A series of SurveyUSA polls across the Upper Midwest finds registered voters more confident John McCain can better handle foreign policy issues and immigration, while Barack Obama has the edge on health care. In a surprising turn, Obama ends up with a draw against McCain on economic issues.

The polls, conducted in Iowa, Minnesota, and Wisconsin from August 15-17, bolster the conventional wisdom that McCain’s forte is foreign policy. In all three states, registered voters believe the Arizona Senator would do a better job handling the war in Iraq and fighting terrorism.

Despite opposition to the war in Iraq across the Upper Midwest in recent years, McCain’s support for the war – and his steadfast support for the troop surge in 2007 – does not seem to have damaged the GOP nominee. McCain is viewed as better equipped to handle the war in Iowa (49 to 42 percent), Minnesota (46 to 43 percent), and Wisconsin (50 to 41 percent). This is not a good sign for Obama, whose centerpiece foreign policy argument is that he has better judgment than McCain (Obama was opposed to the war back in 2003).

McCain – and Republican candidates generally – have held an advantage over Democrats when it comes to handling the war on terrorism, and the SurveyUSA poll supports that trend. McCain holds a double-digit advantage over Obama in all three states on the terrorism issue: 53 to 36 percent in Iowa, 50 to 36 percent in Minnesota, and 53 to 35 percent in Wisconsin.

On the domestic front, although McCain as recent as early 2007 shared similar views on immigration policy to Obama, the Arizona Senator now holds a clear edge on the issue (McCain has since adopted a more hard-line policy emphasizing border enforcement first, consonant with his Party and Americans overall). McCain holds a double-digit advantage on immigration in Wisconsin (49 to 36 percent), and a somewhat smaller lead on the issue in Iowa (45 to 38 percent) and Minnesota (44 to 37 percent).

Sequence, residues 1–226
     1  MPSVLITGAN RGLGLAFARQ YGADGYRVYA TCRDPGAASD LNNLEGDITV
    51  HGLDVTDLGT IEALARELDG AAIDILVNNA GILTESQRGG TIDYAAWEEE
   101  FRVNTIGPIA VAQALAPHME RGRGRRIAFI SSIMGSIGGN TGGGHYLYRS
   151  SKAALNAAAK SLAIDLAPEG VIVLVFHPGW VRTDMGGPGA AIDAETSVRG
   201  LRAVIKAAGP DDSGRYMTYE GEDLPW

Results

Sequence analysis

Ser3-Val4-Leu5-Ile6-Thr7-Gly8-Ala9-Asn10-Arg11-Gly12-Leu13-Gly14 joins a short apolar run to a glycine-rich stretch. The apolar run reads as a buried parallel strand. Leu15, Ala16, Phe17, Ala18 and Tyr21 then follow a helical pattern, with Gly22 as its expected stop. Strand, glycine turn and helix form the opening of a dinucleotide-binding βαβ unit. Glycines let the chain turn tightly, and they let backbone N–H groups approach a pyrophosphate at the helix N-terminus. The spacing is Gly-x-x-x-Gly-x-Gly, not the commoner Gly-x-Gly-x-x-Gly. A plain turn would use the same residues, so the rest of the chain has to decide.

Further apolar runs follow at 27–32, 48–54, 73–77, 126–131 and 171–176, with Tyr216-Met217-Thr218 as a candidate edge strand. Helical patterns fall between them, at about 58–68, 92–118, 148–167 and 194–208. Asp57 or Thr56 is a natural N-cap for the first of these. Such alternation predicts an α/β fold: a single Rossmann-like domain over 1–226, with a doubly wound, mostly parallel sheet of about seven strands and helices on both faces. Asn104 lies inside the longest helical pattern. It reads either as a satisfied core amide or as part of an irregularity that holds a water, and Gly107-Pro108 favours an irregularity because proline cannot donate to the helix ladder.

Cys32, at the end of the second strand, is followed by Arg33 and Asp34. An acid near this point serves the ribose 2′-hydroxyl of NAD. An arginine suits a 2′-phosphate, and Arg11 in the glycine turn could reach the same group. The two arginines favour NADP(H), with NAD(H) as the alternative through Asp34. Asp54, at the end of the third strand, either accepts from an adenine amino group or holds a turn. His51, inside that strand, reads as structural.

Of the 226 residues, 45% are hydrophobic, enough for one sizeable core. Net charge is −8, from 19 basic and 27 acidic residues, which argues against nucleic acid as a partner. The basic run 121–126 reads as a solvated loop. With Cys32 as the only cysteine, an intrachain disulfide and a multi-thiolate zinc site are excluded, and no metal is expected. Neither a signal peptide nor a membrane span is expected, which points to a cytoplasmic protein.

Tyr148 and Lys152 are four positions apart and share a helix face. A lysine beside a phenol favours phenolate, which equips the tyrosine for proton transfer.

To no surprise, Barack Obama holds a very large advantage on the issue of handling health care. Health care was a centerpiece to Obama’s primary campaign victory, and has been an issue Democrats have long held the upper hand against the GOP. McCain has also been taken to task by pundits for his lack of a vision on domestic policy issues. Obama holds a double-digit lead over McCain on health care in Iowa (51 to 33 percent), Minnesota (52 to 37 percent) and Wisconsin (48 to 38 percent).

But when it comes to economic issues, Obama has not been able to leverage the unease Upper Midwesterns are feeling with high gas prices and difficulties with the home mortgage sector under the current Republican administration. Obama holds only a slight advantage over McCain on the economy in Iowa (47 to 43 percent) and Minnesota (46 to 44 percent), with McCain slightly on top in Wisconsin (45 to 43 percent). Pundits have criticized Obama for not mapping out enough specifics in his economic plan.

The SurveyUSA polls confirm that the Upper Midwest is the battleground for the 2008 presidential campaign.


  1. Payday Loan Advocate on September 18, 2008 at 12:31 am

    The competition between Obama and McCain is really colossal. The question for this is not, who’s going to be the next president? Instead, who’s the best leader between the two? Election is really a competition, but I hope win or lose, they would still continue on helping for economic development. I hope so.

    But then, let see what will be the outcome of this year’s presidential election. Our future will depends on our decisions.

    Post Courtesy of Personal Money Store Professional

  2. Tommy Silva on December 8, 2008 at 11:05 pm

    It is interesting after the election to see how much support McCain lost in these states due to the massive issues surrounding the economy. I would speculate that had the economy not become the major issue in the last six weeks of the campaign, that he would have carried these states and perhaps the White House.

  3. FX on January 24, 2009 at 5:16 am

    McCain lost for one simple reason. Obama was a far better person for the Presidency of the United States who was also a far better public speaker. McCain had one upside to his campaign, which was foreign policy and he beat it too death. McCain failed to understand that the nation no longer wanted any part of this massive mistake of a war in Iraq.

  4. dan on April 20, 2009 at 1:33 pm

    The competition between Obama and McCain is really colossal. The question for this is not, who’s going to be the next president? Instead, who’s the best leader between the two?test

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